How Homophobia and Transphobia Threaten National Health-Chinue Igwe


The Same Sex Marriage Prohibition Act (2014) is destroying Nigeria’s advancements in the battle against HIV/AIDS and is undermining the wellbeing and social insurances of all Nigerians by demonizing the Nigerian LGBTI community. The law criminalizes the real and/or perceived sexual orientations and gender identities of LGBTI Nigerians and inhibits their access to medically necessary healthcare services.

Restricting access to health services that provide preventative HIV interventions and other medical treatments will not only have harmful effects on the health of LGBTI Nigerians, but for the larger society as a whole. We are all members of a community and the boundaries of our skin do not reflect the boundaries of the environment that we share, create and exist in together. The public health of the nation depends on the health of all people, regardless of their class, race, gender, or sexual orientation. We must be honest and pragmatic in the way that we allocate public resources and when we let bigotry guide public health policy, we endanger our nation as a whole. The rampant spread and devastation of HIV/AIDS in Nigeria has been a national tragedy exacerbated by the homophobia and transphobia that permeates Nigerian society and government. We must overcome bigotry against the LGBTI community in Nigeria as a first step in the fight for zero HIV/AIDS infection

The environment of fear and persecution engendered by the SSMPA makes it dangerous for both LGBTI Nigerians and non-LGBTI Nigerians who are perceived as homosexual to access healthcare and HIV services. If LGBTI Nigerians do not have access to sufficient healthcare and preventative HIV interventions, HIV and other diseases will continue to wreak havoc on Nigerian families. The trauma inflicted by this disease does not begin and end within the LGBTI community: it radiates outward to affect the hearts, bodies and minds of their families, friends, lovers, mentors and peers. The reality is that LGBTI health issues are intimately tied to the health of the entire nation of Nigeria. To ignore such a reality is to deny Nigerian people their basic right to health.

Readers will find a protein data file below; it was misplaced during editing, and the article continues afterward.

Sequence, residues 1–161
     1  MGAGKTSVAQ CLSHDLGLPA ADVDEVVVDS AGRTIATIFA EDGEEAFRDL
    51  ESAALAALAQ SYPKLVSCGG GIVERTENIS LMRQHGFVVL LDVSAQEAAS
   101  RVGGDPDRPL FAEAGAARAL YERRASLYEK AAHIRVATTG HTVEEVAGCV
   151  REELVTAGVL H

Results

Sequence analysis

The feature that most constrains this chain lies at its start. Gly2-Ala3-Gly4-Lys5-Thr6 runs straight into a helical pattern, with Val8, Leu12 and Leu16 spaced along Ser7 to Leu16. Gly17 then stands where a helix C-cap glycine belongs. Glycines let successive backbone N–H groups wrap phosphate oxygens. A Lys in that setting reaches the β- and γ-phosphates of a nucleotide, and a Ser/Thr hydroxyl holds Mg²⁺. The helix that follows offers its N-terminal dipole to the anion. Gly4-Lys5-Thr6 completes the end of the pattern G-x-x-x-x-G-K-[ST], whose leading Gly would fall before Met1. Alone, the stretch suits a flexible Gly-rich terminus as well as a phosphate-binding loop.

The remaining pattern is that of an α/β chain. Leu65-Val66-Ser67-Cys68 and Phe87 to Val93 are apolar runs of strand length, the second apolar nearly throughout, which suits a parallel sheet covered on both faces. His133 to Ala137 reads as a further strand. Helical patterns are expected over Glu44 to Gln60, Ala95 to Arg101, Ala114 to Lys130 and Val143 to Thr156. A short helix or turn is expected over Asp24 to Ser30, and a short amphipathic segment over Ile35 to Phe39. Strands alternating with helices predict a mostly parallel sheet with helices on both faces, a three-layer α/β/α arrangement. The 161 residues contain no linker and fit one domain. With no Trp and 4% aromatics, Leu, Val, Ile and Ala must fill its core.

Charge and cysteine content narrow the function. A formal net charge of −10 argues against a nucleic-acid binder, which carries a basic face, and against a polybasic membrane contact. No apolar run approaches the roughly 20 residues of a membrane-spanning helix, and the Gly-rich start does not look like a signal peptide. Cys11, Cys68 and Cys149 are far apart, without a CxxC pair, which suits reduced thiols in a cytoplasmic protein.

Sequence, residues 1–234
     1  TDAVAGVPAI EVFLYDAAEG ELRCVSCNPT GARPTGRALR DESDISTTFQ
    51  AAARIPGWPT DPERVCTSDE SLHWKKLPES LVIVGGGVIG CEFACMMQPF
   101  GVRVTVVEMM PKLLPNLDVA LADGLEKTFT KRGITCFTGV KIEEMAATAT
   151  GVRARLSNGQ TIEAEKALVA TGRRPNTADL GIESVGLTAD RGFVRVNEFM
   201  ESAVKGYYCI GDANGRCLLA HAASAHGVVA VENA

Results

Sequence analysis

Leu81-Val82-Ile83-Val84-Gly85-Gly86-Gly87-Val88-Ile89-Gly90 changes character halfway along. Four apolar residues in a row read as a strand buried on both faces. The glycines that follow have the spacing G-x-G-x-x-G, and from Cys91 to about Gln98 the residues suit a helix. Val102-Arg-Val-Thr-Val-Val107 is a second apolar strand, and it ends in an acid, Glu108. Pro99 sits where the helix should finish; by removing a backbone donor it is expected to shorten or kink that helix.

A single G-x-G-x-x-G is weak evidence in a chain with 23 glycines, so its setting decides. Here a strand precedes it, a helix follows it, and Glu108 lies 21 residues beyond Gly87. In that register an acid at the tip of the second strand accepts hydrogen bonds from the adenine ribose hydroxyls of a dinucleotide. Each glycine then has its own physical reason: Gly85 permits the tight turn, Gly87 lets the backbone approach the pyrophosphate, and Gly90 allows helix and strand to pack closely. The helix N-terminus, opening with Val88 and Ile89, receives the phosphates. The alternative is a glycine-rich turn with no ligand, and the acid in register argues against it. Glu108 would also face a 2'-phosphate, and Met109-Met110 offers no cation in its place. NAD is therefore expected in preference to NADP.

Because we are discussing LGBTI health, it is important to expand our conversations beyond the issue of HIV/AIDS and include a holistic understanding of what it means to be “healthy.” The Constitution of the World Health Organization defines health as “complete physical, mental, and social well-being, not merely the absence of disease or infirmity.” While most of the research regarding LGBTI health in Nigeria focuses on HIV/AIDS, there is very little information about the status of issues like, smoking rates, risks for cancers, or psychological well-being necessary for properly characterizing the health needs of a segment of the population. This leaves the LGBTI community even more vulnerable.

But it’s not just the LGBTI community that is impacted. If we cannot be honest about sexual lifestyles, sexualities and gender identities, then we cannot create informed public health plans that work to benefit the entire society. Failing to reveal one’s sexuality for fear of persecution not only endangers the individual, but also creates a potential risk for the nation.

When LGBTI Nigerians live in fear of state-sanctioned violence and discrimination, the Nigerian government is failing to ensure the complete physical, mental and social well-being of its people. There must be a shift in the social imaginary, supported by public policies that includes LGBTI Nigerians in the nation’s narrative. We must ensure everyone’s safety to fully express who we are and to thrive as a member of society. If homophobia and transphobia dictate who is able to attain health, Nigeria will continue to fall behind in global measures of healthcare systems and the Nigerian people will bear the consequences.

By recognizing the legitimacy and complexity of LGBTI health issues, we can integrate a more comprehensive understanding of health into our approach to healthcare and public policy. LGBTI health is not a separate issue from Nigerian public health. They are intricately interwoven and we can no longer attempt to distill one from the other. Standing for LGBTI health equity is standing for Nigerian health equity. This involves confronting the homophobia, sexism and transphobia that permeate the culture.

Eradicating homophobia and transphobia from Nigeria’s societal fabric and working towards assessing and addressing the healthcare needs of LGBTI folks are both necessary steps in improving the health of Nigeria as a nation.


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